The management theories of Sir Bernard O'Connell (TESS last week) are common sense and I agree with them in the main.
If colleges want to be as successful as possible, they need the buy-in and backing of the staff. In both my posts as a principal - Elmwood and Dundee - I have made gaining the respect and buy-in of staff my priority. This is because I know that if you want to make a good college excellent, you can only do this through the staff. Staff need to feel valued and respected, to contribute to the development of strategies and ideas, to be clear about their responsibilities and empowered to take things forward.
I am not sure I would dress this up in the theoretical terms which Sir Bernard does. He calls it "transformational leadership": it's a nice label and it provides some gravitas, but I believe it is just common sense.
This approach is not just applicable in terms of obtaining a consistent quality standard across the college but for everything. In other words, you will not have an excellent college in terms of quality of provision and service, or an innovative college in terms of good practice, or an entrepreneurial college in terms of business development, or a financially sustainable college, if you do not adopt this approach.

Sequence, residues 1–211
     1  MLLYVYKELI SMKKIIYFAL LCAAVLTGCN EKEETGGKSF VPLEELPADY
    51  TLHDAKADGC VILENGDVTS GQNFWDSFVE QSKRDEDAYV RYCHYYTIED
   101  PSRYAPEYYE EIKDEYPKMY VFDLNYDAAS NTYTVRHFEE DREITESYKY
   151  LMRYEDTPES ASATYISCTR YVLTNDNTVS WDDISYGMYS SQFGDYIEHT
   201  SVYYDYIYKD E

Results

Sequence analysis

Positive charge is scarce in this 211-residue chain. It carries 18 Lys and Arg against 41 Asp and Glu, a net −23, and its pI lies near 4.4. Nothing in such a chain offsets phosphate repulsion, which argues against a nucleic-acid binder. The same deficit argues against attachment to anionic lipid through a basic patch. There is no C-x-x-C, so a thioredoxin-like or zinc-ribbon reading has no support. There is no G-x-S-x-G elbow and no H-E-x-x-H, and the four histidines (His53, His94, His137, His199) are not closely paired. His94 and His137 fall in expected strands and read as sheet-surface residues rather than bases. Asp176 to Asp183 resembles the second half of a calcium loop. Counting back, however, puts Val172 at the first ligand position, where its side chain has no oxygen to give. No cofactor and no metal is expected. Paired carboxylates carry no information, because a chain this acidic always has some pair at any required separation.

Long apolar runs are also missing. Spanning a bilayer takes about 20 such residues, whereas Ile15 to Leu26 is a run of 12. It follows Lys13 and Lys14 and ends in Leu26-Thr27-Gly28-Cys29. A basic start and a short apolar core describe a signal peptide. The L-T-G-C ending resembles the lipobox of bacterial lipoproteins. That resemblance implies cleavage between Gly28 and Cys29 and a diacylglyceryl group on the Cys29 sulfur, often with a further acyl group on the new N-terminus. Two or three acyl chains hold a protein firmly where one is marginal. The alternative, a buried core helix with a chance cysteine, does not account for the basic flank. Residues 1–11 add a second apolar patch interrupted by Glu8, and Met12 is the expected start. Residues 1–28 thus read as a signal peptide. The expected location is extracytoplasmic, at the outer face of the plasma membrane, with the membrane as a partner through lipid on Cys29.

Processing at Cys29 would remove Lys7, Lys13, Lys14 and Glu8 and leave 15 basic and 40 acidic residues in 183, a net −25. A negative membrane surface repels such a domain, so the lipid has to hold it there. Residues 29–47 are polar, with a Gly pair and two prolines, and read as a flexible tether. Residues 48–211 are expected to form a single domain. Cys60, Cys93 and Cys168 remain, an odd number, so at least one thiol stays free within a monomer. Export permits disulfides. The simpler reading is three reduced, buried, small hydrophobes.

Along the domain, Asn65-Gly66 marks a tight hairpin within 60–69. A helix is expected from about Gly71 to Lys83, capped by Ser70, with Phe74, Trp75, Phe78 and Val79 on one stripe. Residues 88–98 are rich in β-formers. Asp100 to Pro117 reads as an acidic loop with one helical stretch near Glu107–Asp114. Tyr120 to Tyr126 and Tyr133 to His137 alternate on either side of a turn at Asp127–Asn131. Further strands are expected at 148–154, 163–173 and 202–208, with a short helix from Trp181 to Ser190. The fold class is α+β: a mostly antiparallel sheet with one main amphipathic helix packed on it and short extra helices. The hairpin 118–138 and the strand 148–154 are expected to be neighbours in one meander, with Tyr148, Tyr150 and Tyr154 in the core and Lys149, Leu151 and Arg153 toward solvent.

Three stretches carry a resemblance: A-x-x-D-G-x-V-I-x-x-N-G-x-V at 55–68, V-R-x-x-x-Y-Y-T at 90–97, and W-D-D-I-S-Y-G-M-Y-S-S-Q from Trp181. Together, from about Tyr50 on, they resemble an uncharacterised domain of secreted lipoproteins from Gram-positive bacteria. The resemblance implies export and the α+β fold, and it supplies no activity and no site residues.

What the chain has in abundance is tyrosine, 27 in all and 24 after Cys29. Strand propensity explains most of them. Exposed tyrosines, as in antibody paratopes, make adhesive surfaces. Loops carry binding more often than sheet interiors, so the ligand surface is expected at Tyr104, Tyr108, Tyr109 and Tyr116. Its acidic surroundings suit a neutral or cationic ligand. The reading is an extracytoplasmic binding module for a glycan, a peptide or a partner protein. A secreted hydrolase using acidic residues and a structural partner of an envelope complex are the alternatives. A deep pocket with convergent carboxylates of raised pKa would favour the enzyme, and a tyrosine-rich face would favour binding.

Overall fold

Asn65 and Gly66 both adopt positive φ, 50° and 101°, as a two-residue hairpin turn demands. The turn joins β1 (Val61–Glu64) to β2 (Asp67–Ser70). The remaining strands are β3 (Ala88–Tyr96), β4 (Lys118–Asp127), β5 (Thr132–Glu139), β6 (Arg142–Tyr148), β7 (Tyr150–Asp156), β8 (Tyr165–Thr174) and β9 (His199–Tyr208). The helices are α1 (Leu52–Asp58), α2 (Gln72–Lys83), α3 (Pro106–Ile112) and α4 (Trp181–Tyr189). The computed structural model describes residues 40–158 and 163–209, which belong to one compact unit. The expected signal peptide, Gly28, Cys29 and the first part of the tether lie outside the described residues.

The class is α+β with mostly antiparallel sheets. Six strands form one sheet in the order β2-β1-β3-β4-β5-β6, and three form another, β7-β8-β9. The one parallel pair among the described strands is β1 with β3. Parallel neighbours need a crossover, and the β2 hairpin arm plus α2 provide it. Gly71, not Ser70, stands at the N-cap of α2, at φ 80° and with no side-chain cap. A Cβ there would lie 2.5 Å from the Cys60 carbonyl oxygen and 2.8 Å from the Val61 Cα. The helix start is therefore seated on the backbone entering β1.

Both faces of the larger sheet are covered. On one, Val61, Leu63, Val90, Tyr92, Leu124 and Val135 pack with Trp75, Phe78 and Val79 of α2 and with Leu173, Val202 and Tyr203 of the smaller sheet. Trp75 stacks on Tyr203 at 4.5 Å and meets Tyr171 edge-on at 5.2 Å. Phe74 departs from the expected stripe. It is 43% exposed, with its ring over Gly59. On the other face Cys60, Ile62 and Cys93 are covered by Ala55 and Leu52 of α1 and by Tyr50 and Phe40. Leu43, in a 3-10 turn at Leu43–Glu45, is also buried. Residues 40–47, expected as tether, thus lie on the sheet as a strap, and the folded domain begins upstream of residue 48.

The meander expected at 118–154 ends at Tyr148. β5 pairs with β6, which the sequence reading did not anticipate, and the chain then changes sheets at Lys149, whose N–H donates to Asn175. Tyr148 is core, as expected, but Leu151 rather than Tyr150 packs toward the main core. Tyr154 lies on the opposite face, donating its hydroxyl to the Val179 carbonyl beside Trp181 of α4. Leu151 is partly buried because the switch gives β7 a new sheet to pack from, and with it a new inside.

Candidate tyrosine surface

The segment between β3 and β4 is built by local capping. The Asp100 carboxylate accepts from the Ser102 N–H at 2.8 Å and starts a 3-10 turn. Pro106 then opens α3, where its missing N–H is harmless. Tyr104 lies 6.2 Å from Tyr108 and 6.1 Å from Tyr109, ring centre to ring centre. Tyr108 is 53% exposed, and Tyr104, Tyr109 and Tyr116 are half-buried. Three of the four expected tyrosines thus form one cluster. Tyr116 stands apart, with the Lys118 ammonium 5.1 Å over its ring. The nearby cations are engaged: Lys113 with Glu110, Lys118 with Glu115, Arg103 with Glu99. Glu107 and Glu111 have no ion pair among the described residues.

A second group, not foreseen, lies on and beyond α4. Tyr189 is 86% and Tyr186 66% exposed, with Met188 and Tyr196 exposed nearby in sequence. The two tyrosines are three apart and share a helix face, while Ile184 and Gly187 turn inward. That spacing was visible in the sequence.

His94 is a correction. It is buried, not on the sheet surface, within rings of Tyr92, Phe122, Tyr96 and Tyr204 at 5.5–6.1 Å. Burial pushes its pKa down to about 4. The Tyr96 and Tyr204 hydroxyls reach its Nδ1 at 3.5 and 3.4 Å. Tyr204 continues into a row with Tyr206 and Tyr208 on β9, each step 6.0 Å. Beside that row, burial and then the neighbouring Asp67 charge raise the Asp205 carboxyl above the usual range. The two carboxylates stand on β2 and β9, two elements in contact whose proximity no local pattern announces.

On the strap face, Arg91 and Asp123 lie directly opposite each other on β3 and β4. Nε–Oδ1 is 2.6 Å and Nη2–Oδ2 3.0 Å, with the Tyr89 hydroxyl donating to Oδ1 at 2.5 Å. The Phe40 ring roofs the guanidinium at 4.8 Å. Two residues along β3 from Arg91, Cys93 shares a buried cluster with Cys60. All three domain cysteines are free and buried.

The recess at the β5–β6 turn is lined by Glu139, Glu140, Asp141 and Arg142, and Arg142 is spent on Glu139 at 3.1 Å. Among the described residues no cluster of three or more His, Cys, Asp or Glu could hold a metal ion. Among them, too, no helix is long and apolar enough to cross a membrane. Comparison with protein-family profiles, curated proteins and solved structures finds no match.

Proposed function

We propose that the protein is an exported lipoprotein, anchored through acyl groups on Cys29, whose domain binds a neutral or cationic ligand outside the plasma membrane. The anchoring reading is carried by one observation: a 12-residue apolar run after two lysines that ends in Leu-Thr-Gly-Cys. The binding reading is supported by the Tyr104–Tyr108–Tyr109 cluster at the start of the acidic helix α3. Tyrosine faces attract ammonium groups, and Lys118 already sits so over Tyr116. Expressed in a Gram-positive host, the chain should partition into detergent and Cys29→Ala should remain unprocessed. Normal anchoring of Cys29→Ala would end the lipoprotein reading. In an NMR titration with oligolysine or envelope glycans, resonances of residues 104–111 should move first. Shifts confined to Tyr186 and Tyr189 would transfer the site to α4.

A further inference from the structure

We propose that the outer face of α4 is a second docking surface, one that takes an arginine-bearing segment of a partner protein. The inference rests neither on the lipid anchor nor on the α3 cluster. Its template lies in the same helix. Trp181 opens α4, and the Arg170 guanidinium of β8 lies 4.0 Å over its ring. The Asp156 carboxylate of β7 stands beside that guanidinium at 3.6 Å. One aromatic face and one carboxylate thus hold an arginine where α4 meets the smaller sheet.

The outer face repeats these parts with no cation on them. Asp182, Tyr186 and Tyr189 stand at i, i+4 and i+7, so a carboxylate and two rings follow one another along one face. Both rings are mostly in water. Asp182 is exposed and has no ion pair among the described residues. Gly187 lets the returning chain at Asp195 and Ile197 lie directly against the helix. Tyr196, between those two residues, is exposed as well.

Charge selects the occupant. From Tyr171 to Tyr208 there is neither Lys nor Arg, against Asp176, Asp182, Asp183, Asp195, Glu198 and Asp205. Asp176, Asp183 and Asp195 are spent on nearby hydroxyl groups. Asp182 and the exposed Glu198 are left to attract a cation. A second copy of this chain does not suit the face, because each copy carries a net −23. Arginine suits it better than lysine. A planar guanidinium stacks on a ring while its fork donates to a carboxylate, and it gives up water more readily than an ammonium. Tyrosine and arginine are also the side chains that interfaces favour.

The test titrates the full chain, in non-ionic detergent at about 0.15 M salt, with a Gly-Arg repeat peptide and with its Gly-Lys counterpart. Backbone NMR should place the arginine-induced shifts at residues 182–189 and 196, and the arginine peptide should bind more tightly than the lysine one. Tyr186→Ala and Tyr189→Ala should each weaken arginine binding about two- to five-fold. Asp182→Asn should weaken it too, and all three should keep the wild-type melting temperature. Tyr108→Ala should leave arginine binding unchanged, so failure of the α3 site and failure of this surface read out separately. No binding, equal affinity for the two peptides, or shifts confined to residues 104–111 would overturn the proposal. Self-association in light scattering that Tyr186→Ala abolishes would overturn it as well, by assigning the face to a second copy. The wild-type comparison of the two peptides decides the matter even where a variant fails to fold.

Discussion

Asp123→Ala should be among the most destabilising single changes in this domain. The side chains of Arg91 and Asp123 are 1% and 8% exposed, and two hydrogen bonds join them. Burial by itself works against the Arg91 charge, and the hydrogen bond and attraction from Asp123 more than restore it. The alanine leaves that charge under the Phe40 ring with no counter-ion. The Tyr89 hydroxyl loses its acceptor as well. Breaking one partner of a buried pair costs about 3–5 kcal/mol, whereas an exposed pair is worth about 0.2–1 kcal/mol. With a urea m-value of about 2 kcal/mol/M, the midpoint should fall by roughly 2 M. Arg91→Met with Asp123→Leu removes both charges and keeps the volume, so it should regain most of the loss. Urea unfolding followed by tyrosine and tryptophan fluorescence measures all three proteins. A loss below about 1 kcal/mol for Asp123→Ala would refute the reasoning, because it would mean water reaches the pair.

I agree that the managerial, command and control approach does not work. However, I don't think that this is a style of the past - it is still alive and well in a few colleges. If such a style is adopted by the principal, it will often filter down to other managers. There is then the danger that colleges end up with poor industrial relations and a "them and us" divide develops between staff and managers.
If the principal is a visionary leader but rules by fear, good results can be obtained in the short and medium term. But they are not sustainable, because eventually things will go wrong: a crisis will occur and managers will not get the buy-in from staff to help solve the problem.
Christina Potter, principal, Dundee College.